05/30/14 — Shooting victim's family offers reward

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Shooting victim's family offers reward

By John Joyce
Published in News on May 30, 2014 1:46 PM

The family of Doral Deangelo Best, the man shot and killed outside his residence at 101 Ervin Drive May 13, is upping the reward offered for information leading to his killers' arrest.

A felony arrest of those responsible for the 42-year-old's death will now pay up to $6,000.

In addition to Best's murder, the Goldsboro Police Department is investigating two additional shootings it says might or might not be related.

Corey Ramone Best Jr., 20, a nephew of Doral Best, was shot twice in the back May 21 in the 300 block of South Herman Street while riding in a blue Jeep with another man, Quenton Moses.

Moses' son, Dontreal Lewis, 22, was shot outside an apartment building at 310 S. William St. just after 3 a.m. the morning of May 24.

Police immediately confirmed the Best shootings were connected.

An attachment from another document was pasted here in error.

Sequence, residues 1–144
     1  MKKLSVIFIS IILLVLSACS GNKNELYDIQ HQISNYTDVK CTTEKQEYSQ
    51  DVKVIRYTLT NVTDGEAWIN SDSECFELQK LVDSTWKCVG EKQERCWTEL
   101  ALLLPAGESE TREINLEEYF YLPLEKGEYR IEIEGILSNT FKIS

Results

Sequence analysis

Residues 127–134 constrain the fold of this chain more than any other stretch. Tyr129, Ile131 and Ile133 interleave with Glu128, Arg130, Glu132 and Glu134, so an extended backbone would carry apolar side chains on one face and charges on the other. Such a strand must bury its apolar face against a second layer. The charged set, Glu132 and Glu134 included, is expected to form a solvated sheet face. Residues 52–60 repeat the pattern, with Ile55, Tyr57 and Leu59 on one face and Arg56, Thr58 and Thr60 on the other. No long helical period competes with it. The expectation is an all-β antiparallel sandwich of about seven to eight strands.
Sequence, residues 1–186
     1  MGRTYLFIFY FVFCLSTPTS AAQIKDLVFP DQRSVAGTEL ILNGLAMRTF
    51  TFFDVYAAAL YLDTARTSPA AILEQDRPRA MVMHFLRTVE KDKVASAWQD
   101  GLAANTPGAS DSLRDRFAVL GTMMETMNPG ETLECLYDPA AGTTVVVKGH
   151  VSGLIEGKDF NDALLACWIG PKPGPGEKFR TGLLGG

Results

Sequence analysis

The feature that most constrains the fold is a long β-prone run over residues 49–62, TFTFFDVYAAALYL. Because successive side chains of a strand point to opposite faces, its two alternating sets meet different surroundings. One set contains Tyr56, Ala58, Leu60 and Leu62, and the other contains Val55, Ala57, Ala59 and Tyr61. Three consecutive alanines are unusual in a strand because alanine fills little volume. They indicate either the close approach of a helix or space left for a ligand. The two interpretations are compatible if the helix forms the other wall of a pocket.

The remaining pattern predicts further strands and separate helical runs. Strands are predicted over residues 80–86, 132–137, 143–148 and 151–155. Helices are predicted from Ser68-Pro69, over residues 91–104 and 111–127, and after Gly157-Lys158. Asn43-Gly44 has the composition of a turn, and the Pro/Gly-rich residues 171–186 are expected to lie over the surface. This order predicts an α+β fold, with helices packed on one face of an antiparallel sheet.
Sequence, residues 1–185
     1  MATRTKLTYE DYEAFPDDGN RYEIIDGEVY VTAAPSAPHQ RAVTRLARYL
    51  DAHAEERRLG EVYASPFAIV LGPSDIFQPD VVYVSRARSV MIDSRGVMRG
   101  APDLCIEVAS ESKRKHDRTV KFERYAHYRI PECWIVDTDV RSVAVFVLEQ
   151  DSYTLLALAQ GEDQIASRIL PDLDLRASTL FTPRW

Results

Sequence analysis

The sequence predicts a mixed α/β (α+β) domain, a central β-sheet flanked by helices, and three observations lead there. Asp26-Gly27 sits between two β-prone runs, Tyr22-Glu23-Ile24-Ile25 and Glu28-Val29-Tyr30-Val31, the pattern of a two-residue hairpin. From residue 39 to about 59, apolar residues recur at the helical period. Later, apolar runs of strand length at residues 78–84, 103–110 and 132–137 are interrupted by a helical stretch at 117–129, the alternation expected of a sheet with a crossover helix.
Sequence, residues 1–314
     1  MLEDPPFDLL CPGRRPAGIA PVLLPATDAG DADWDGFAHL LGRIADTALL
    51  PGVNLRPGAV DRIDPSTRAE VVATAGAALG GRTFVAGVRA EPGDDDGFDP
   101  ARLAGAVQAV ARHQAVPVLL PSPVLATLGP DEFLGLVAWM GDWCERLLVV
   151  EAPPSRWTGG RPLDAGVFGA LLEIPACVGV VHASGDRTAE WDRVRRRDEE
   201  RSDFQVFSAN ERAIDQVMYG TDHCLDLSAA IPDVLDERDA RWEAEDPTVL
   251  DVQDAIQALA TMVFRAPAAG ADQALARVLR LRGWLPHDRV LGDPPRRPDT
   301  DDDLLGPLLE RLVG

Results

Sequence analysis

They have not yet confirmed the Lewis connection.

"We don't have anything to say that it is or it isn't (connected)," lead investigator Sgt. Jeremy Sutton said.

Best's mother, Laura Crawford, says all three incidents are related.

"I don't think anyone is waging war on my family, no. I think what happened to my grandson is because he and some of his friends have been out there asking questions," Mrs. Crawford said.

Mrs. Crawford said she has no idea what happened to her son.

"People are calling me and my family and giving us names and telling us what they've heard," she said.

She said she has shared every tip she and her family have received with the investigators working her son's case. Some of the information she has provided matches with some of what the detectives are hearing, she said, but detectives would not confirm for her whether any of the names she gave were the same names they have heard.

"I'm hearing the same person who shot my grandson is one of the four men who shot my son," she said.

The Goldsboro Police Department said there are a number of good leads being tracked down by investigators.

"We have a number of investigators working leads and trying to separate what information is real from what isn't," Maj. Al King said.

Mrs. Crawford said she is not interested in a vendetta. The reason she and her family have come together to raise $5,000 to add to the up to $1,000 Crime Stoppers offers for information leading to a felony arrest is to encourage someone in the community who might be afraid to come forward.

"I know the people coming forward with information might be scared, but Crime Stoppers will protect their identities," she said.